Loss of value of permits | Taxi drivers demand compensation

A trial opens Tuesday as part of a class action where taxi drivers accuse the Quebec government of having made their licenses lose all value by allowing the ride-sharing company Uber to operate, then abolishing the permit system.


According to the participants in the class action, the government’s “negligence” led to the expropriation of taxi license owners in the sectors where Uber offered its services, without fair and reasonable compensation.

When Uber launched its activities in Quebec in 2013, the government allowed it to operate even if it did not comply with the regulations in place. This situation has led to a reduction in demand for taxi permits and, consequently, a drop in their value, the plaintiffs argue.

The plaintiffs also allege that actions taken by the government, including the establishment, in 2016, of a pilot project aimed at legalizing Uber’s operations in Quebec, accelerated the reduction in the value of permits. These were eventually eliminated as part of a reform of the taxi industry in 2019.

In the plaintiffs’ view, in implementing its pilot project to legalize Uber’s operations, the government was negligent, acted in bad faith and deliberately caused taxi drivers’ licenses to lose value.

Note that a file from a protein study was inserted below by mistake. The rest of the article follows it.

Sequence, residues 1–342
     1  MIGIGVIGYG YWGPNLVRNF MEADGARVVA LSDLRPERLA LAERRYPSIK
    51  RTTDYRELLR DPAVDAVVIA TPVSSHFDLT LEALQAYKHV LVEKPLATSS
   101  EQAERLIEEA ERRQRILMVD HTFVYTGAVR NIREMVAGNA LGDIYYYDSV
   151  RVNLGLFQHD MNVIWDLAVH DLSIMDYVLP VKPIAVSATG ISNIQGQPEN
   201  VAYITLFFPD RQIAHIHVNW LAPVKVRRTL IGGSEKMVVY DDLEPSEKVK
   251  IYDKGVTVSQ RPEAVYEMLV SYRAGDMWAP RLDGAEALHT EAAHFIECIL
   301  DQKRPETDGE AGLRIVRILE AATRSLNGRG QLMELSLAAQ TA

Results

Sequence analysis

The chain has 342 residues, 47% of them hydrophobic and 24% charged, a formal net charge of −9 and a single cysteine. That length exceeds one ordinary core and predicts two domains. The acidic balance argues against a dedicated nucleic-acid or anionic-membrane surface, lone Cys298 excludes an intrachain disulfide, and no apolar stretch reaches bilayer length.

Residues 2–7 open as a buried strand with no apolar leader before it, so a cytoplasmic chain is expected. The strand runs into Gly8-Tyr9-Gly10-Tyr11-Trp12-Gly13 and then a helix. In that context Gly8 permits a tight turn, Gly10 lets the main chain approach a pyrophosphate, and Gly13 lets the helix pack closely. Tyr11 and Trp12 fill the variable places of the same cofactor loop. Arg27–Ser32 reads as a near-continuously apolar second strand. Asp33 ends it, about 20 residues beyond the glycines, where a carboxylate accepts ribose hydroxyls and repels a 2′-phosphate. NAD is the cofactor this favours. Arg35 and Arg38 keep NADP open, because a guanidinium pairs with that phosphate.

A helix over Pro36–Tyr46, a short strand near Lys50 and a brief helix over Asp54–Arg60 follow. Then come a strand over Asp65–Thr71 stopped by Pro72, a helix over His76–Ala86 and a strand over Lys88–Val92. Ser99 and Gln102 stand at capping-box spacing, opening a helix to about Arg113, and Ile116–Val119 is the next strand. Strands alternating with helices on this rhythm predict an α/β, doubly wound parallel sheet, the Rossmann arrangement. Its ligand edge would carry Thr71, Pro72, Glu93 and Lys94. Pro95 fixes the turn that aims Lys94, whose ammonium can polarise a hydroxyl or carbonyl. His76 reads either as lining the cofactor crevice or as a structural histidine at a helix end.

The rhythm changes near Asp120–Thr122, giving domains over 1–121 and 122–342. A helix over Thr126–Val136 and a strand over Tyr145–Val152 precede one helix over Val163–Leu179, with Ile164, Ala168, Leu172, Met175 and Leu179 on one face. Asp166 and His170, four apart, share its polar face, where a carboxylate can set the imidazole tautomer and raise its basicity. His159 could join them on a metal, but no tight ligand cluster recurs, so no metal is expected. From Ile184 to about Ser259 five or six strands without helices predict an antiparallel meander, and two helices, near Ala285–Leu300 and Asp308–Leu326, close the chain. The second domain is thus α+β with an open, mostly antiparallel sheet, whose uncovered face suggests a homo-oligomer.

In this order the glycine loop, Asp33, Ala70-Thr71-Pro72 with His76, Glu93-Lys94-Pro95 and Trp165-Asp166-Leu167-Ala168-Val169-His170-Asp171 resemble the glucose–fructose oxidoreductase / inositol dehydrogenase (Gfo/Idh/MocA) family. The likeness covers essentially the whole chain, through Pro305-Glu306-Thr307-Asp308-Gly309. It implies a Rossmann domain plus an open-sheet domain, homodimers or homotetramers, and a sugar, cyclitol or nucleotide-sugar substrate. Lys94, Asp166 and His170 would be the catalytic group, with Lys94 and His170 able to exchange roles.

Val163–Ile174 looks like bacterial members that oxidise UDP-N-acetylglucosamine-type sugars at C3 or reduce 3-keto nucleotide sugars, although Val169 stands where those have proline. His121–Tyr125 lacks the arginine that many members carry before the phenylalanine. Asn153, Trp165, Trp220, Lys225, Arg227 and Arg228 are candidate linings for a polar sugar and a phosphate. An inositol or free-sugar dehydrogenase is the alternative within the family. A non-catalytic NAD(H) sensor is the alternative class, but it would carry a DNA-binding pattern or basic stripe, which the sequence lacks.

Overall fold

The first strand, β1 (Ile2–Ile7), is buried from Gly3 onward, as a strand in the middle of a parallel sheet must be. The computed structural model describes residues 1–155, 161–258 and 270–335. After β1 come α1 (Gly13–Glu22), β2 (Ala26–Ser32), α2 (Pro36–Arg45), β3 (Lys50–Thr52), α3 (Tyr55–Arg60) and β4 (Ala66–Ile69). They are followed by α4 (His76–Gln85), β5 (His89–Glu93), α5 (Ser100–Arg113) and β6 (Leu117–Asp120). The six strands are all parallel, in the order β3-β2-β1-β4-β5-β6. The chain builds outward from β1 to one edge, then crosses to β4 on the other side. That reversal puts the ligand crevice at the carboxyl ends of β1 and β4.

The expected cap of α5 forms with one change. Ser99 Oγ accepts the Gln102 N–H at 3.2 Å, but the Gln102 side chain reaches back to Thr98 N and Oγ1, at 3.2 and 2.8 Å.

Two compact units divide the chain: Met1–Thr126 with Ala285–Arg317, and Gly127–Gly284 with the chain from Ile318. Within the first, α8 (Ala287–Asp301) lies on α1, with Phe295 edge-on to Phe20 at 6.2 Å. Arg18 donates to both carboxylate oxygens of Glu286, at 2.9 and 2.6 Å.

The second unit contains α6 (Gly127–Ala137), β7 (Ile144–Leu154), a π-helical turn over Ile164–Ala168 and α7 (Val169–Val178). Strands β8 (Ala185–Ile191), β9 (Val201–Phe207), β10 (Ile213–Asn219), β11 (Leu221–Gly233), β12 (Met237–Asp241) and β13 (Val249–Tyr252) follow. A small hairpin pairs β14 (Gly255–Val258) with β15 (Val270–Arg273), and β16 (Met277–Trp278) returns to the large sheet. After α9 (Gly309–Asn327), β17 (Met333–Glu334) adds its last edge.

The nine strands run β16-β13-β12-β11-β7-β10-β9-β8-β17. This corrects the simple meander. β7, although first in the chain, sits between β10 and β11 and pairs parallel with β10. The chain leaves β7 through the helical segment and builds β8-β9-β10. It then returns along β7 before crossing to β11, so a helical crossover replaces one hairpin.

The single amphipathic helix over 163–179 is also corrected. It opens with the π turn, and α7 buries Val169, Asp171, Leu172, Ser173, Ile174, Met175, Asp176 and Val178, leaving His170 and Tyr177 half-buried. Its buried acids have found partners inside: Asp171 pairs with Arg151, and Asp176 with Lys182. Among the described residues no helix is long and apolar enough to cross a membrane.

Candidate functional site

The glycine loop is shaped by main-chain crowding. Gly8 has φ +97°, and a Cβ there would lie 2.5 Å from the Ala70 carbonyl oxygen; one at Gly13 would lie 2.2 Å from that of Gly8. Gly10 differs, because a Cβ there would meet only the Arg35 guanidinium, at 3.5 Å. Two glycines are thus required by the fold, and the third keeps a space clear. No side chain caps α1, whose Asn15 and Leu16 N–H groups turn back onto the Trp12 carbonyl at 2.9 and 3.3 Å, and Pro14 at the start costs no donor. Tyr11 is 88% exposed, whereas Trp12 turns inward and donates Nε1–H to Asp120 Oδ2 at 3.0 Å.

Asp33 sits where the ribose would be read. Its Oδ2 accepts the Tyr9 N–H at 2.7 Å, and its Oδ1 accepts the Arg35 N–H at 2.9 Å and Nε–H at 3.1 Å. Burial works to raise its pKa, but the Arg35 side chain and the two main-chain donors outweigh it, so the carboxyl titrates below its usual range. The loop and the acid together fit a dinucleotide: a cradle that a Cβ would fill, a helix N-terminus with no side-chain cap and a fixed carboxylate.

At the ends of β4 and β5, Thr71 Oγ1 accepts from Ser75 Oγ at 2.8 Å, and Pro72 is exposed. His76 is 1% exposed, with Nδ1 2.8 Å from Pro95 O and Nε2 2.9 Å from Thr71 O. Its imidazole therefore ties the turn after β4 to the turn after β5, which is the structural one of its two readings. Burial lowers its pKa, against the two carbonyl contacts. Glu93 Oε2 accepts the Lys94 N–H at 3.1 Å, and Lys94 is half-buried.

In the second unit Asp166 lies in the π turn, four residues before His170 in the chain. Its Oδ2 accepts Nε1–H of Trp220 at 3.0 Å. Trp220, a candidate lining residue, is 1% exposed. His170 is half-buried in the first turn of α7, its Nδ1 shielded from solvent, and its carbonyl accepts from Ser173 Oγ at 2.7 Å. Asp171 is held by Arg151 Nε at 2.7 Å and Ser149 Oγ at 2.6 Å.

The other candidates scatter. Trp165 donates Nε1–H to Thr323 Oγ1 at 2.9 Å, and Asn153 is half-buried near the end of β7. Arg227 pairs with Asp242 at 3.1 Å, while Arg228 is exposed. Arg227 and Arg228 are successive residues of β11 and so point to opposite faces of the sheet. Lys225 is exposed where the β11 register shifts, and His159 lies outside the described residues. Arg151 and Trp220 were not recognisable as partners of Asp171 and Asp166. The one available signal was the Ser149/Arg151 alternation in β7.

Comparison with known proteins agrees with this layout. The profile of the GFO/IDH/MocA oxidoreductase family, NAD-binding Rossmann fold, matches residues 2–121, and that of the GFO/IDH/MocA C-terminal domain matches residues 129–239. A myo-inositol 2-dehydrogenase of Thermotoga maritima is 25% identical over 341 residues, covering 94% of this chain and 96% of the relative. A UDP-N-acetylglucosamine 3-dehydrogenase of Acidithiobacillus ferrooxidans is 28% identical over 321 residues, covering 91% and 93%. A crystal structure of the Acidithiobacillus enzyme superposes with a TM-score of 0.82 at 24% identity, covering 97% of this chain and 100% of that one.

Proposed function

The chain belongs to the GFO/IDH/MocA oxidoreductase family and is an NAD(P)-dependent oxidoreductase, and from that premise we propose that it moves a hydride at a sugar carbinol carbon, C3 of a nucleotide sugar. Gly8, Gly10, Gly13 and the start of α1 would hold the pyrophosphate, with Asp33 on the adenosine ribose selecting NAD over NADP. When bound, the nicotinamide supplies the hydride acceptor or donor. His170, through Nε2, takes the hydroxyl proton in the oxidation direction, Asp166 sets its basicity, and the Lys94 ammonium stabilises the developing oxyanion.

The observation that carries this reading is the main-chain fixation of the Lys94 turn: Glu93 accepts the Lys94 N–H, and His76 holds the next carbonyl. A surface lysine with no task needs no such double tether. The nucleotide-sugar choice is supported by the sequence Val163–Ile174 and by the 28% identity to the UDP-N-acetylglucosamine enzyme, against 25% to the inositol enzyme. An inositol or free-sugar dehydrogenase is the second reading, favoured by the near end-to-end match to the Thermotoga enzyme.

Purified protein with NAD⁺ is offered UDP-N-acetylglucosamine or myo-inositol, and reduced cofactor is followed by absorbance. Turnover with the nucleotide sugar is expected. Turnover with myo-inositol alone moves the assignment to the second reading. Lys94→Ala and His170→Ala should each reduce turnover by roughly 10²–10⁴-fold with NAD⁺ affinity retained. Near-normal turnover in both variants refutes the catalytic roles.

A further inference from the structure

Previously, the government strictly controlled the number of taxi permits in each city in the province. For example, in 2015, Montreal was able to accommodate 4,522. Result: the price of permits soared, reaching around $200,000 in Montreal in 2015.

But when Uber entered the market, the value of these licenses began to decline, as new drivers did not want to pay a significant amount of money to obtain one in a rapidly changing industry.

Then, in 2019, the government adopted a law abolishing the permit system, relaxing other regulations at the same time. And while the government has compensated the licensees, their lawyers say many of them received about $150,000 less than the market value of the licenses before Uber arrived in the province.

“In many cases, these licenses represented their owners’ most important financial asset, in addition to being their retirement plan and the inheritance they planned to leave to their children,” explains the law firm Trudel Johnston & Lspérance, which represents the former license holders, in a press release.

The class action, authorized in 2018, aims to obtain compensation equivalent to the market value of a taxi owner’s license before Uber’s arrival in Quebec in 2013 and $1,000 in punitive damages for each member of the group.

The office of Minister of Justice Simon Jolin-Barrette refused to comment on this matter on Monday because the matter is before the courts.

However, the government has already argued that it cannot be sued for its policy decisions and argued that the allegations contained in the class action are not specific.


reference: www.lapresse.ca

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